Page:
China’s Nuclear Gambit

From China Brief:

Economic factors are clearly driving Chinese interest in strengthening their country’s underdeveloped sector. At present, China’s 11 operating nuclear reactors produce less than 2 percent of the country’s electricity, compared with over 25 percent in Japan and approximately 75 percent in France [1]. According to the Chinese National Bureau of Statistics, nuclear produced only 1.9 percent of the 3.28 trillion kilowatt hours of electricity produced in China in 2007 (People’s Daily, March 9).

Last year, the Chinese government adopted a nuclear power development plan that aims to double the share of atomic energy in China’s energy mix, to 4 percent by 2020, with an aggregate capacity of 40,000 megawatts (MW) (Xinhua, March 12). On March 8, however, Zhang Guobao, a vice minister of the National Development and Reform Commission, stated that, due to the more rapid than expected pace of construction in this sector, the country’s installed nuclear power capacity could exceed 60,000 MW by that date (Xinhua, March 8).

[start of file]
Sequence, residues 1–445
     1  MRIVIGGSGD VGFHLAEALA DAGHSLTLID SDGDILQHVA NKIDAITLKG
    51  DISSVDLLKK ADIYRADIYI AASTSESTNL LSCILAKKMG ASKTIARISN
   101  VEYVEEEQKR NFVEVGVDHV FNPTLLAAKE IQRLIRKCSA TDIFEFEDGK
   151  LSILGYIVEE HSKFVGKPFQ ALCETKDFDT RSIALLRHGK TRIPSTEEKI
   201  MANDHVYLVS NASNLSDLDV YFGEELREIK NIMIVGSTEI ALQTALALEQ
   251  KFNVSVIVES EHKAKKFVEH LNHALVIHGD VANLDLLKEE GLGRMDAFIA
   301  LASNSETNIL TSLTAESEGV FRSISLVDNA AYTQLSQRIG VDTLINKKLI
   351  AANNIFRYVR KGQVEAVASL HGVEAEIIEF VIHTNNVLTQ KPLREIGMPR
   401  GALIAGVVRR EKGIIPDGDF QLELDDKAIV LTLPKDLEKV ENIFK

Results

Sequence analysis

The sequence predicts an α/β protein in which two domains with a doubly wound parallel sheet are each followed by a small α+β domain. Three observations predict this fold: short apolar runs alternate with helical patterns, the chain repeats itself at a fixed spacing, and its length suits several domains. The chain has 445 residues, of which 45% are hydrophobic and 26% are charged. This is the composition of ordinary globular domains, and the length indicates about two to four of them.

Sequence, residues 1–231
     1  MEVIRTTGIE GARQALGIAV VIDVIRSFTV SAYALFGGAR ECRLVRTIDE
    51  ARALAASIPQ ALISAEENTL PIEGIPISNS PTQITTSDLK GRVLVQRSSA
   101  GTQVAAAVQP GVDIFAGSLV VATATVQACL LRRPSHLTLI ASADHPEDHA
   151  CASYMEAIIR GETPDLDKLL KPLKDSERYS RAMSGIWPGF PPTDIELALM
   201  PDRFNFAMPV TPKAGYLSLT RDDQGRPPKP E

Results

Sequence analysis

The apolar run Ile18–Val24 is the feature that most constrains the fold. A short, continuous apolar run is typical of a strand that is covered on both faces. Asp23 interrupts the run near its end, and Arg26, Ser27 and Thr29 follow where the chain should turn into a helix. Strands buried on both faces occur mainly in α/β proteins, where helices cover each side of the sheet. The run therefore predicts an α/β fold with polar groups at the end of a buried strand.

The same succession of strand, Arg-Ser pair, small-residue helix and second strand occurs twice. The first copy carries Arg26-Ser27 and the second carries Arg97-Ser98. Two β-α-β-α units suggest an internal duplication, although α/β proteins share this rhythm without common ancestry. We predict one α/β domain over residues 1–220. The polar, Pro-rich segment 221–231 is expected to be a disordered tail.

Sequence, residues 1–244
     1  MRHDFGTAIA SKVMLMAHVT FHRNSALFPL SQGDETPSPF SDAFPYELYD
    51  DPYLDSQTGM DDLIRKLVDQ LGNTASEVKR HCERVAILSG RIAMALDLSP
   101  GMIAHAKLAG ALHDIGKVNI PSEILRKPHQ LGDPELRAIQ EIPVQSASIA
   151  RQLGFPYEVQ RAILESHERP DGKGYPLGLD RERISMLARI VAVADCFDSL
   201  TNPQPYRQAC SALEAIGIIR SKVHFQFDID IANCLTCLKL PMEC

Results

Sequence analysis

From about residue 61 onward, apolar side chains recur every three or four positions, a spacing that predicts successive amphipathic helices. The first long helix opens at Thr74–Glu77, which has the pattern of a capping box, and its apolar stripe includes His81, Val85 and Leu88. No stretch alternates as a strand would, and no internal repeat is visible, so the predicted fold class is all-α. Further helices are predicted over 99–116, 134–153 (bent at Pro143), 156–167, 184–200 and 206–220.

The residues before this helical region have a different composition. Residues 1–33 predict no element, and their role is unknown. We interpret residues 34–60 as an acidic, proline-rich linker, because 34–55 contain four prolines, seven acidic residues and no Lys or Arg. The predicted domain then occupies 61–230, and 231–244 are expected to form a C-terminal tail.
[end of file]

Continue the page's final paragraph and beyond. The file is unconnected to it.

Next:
Richard Weitz is a Senior Fellow and Director of Program Management at the Hudson Institute.

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